A long-standing thorn in the side of biologists has been the difficulty in accounting for the enormous variation between individuals when sexual selection by females for the most attractive mates should quickly spread the "best" genes through a population.

"It is a major problem for evolutionary biology," said study team leader Marion Petrie of Newcastle University.

The lek paradox

For some species, females select the most attractive males to mate with: female peacocks will choose males with the longest tail feathers-the peacock version of George Clooney. These more attractive features usually indicate some other level of genetic fitness, such as disease resistance, that the female's offspring will then also inherit.

According to this method of sexual selection, if females only bred with the most attractive males, then all males should be equally attractive and sexual selection could not take place. (In the peacocks' case, all males would have similarly long tails.) But clearly this isn't the case: for every Johnny Depp out there, there's a George Costanza-in humans, birds and other animals alike.

This so-called "lek paradox" (a lek is a group of males congregated for mating) has plagued evolutionary biologists for decades.

"If you had no variation at all, you wouldn't get evolution,"

But a group of British scientists think they have found the answer to the paradox in the human body's "DNA repair kits."

DNA repair kits

A cell's DNA repair kit is not really a kit but a set of molecular processes that routinely repair the damage done to the cell's DNA that result in genetic mutations, under normal conditions. Mutations can be harmful and cause tissue to degenerate, malfunction or develop cancers. Other mutations are beneficial, such as those in the part of the genome responsible for disease defense that make an individual more resistant to attacks from bacteria and viruses.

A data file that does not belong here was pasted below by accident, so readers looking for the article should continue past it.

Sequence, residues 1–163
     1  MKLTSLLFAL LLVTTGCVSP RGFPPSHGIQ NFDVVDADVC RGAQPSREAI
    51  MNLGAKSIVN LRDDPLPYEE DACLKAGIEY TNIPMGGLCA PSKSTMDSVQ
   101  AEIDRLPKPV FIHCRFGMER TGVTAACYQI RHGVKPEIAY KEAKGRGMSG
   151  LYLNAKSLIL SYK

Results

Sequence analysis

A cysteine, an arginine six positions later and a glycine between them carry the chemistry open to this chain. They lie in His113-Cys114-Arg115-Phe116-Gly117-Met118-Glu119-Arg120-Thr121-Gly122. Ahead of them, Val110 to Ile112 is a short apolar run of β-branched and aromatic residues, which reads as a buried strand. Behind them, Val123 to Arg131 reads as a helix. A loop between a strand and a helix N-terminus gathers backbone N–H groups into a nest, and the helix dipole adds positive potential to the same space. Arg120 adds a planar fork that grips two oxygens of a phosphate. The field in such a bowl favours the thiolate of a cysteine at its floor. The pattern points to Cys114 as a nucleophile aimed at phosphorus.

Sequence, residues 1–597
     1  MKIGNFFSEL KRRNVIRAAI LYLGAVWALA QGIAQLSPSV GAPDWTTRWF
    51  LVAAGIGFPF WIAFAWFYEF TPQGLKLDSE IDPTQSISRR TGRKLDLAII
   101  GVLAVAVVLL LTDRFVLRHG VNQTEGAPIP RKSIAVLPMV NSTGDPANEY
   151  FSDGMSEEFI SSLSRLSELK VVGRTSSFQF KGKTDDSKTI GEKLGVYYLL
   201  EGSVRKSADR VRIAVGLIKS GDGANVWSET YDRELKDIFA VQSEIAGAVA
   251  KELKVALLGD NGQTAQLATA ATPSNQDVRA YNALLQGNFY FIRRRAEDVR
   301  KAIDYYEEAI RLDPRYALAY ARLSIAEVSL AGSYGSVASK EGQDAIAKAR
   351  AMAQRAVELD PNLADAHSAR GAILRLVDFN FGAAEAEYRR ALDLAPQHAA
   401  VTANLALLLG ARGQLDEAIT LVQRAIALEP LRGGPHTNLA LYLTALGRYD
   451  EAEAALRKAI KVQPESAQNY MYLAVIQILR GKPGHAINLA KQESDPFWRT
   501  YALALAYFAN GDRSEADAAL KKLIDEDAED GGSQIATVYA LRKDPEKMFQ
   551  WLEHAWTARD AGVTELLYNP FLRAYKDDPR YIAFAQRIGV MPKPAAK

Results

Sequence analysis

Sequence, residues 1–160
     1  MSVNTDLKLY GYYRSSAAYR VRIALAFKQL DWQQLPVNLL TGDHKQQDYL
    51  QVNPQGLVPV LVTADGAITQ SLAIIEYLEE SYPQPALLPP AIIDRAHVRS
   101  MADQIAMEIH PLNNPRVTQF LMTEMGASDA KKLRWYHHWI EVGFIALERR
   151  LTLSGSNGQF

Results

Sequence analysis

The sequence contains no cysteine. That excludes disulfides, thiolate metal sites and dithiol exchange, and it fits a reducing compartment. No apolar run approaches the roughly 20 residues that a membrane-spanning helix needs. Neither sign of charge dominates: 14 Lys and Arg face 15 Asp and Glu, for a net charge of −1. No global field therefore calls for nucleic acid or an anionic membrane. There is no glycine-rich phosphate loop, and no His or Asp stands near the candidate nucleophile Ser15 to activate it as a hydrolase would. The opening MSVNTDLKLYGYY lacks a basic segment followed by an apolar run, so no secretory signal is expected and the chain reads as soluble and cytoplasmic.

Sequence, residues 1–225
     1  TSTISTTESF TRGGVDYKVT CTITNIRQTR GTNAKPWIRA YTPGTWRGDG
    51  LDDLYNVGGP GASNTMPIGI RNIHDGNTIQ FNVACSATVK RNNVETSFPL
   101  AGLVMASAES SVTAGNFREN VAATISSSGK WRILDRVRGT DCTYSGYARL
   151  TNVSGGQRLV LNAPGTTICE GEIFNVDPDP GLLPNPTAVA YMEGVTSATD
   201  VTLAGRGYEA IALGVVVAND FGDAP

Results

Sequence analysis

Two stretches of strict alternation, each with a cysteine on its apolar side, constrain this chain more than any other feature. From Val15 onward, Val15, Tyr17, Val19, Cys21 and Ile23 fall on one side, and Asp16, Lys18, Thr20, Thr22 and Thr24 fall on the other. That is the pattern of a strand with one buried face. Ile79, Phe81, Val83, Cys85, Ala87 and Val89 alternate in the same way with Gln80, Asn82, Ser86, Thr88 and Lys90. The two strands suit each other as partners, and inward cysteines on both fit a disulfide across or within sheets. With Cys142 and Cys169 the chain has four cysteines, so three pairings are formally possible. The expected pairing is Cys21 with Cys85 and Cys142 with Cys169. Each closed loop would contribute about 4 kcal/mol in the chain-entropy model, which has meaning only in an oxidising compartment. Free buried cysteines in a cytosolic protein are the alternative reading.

Some mutations affect the repair processes themselves and make them less efficient which results in more mutations as the damage goes unrepaired.

"You can raise or lower your own mutation rate,"

A higher mutation rate creates more diversity in a population. Using a computer model, Petrie found that the greater genetic diversity created by mutations that affect DNA repair outweighed the decrease in diversity arising from sexual selection.

In some of her earlier work, Petrie showed that men with greater genetic diversity in areas of the genome relating to disease defense were also rated as more attractive by women. So because these males with greater mutation rates are more likely to mate, they will pass that higher rate on to their offspring, allowing sexual selection to propagate variation through the population, a finding that likely applies to all organisms.

This propagation means that peacocks' tail feathers will vary in length and that some of us definitely won't be America's next top model.